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Patterns of Variation of Herbivore Assemblages at Nairobi National Park, Kenya, 1990-2008

Wildlife, especially mammals populations dynamics in many conservation areas are influenced by ecosystem processes and increasingly by climate change. Generally, cyclic population dynamics is relatively common among small mammals, especially in high latitudes but is not yet established among many African savanna ungulates. Habitat fragmentation and loss propagated by anthropogenic activities are responsible for the decline in populations of many wildlife species leading to the confinement many wildlife species particularly herbivores within parks and reserves as a conservation measure. We

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The use of archeological and ethnographical information to supplement the historical record of the distribution of large mammalian herbivores in South Africa

The introduction of animal taxa  to areas where they do not naturally occur has the potential to damage severely the native fauna and flora. Introductions, both accidental and intentional, to Australia, New Zealand, Marion Island and other oceanic islands provide spectacular examples of this. Non-native mammalian herbivores often become invasive in the absence of their natural predators and their impact on vegetation, which may include alterations to plant species composition, structure and diversity, is exaggerated, especially if the vegetation has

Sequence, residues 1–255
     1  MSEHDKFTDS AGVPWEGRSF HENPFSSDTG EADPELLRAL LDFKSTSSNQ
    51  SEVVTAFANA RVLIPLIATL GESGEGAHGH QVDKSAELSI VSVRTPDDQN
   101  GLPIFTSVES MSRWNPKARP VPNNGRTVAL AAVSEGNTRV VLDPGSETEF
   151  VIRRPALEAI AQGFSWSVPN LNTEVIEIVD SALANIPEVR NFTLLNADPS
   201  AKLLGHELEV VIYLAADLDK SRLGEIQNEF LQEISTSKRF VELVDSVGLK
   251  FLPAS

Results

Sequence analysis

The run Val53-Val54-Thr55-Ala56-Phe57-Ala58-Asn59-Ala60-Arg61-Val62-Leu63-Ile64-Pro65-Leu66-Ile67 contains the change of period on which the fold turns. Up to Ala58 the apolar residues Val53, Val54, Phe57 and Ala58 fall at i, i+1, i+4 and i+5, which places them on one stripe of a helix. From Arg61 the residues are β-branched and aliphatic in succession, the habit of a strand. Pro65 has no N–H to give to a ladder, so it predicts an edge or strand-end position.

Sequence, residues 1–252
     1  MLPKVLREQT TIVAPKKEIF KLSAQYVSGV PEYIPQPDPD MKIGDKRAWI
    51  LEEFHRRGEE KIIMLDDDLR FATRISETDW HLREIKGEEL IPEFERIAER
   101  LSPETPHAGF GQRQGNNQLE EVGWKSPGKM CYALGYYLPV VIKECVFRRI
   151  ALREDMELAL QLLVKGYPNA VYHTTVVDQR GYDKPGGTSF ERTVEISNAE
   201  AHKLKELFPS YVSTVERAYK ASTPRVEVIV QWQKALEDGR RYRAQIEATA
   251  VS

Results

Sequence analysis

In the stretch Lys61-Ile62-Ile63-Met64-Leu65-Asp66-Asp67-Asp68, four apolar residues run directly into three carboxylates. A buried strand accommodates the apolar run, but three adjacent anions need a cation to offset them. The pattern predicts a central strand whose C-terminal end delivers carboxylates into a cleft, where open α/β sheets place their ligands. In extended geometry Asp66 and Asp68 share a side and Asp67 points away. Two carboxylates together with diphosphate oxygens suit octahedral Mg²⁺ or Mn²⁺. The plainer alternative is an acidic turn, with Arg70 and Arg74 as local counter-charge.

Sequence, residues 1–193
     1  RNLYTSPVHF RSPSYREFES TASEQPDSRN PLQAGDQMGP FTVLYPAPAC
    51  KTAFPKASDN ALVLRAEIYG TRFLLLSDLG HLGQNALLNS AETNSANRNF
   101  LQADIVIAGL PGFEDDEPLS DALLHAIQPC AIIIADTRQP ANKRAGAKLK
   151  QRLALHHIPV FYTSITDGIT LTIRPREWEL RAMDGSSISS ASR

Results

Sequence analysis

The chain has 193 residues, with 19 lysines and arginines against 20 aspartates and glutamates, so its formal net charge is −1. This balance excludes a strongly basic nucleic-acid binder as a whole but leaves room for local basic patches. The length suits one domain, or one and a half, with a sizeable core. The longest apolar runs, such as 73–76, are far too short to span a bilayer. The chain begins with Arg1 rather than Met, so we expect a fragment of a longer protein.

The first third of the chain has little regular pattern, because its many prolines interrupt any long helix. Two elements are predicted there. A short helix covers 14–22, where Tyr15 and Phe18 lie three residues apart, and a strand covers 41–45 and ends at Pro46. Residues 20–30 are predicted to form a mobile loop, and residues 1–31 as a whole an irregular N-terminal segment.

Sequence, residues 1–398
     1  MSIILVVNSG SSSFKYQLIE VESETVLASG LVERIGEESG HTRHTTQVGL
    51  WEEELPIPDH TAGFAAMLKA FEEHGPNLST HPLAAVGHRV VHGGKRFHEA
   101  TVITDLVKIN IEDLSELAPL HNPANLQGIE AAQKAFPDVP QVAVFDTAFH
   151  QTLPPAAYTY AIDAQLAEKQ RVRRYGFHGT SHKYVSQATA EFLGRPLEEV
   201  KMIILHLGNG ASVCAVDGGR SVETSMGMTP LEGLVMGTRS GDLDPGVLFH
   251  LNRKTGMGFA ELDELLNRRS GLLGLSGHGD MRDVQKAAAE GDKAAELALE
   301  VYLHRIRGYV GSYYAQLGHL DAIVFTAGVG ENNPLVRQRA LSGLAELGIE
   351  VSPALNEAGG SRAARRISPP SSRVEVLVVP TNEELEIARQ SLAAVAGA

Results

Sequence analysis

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Feed Selection and Digestibility by Captive Giraffe

A digestion trial with subsequent examination of feed selection was conducted using two captive giraffe fed four feedstuffs. Apparent digestibility coefficients were relatively high, indicating that the animals were efficiently utilizing the feedstuffs. However, values could be affected by the possible ingestion of soil containing acid‐insoluble ash. A high fiber pelleted feed was eaten in a greater quantity than a low fiber feed, even though the constituents in each feed were the same. Gross energy content of residual hay was

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Why do some African thorn trees (Acacia spp.) have a flat-top: a grazer-plant mutualism hypothesis?

The quintessential African savanna tree is the flat-topped Acacia. However, the reason for the architecture occurring in sparse-canopied small-leafed tree species from well-lit, often mesic, environments is unclear. Brown (1960) suggested that it reduced feeding by the distinctly African herbivore, the giraffe. Escaping recaptured herbivore and/or fire damage is crucial for palatable savanna trees such as acacias. The impact of fire depends on the fire intensity (mainly due to under-canopy dead grass biomass and weather conditions) and on woody plant

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Seasonal density estimates of common large herbivores in Hwange National Park, Zimbabwe

The monitoring of ecosystem processes and states is a critical step in the management of protected areas. It allows for the assessment of the success or failure of practices ranging from ‘laissez-faire’ to strong hands-on policies. Much effort is for instance devoted to the monitoring of wildlife abundance, particularly when associated with large ecological influence or socio-economical values. In Africa, the diversity of large herbivores represents both a major asset of protected areas and a global conservation target as a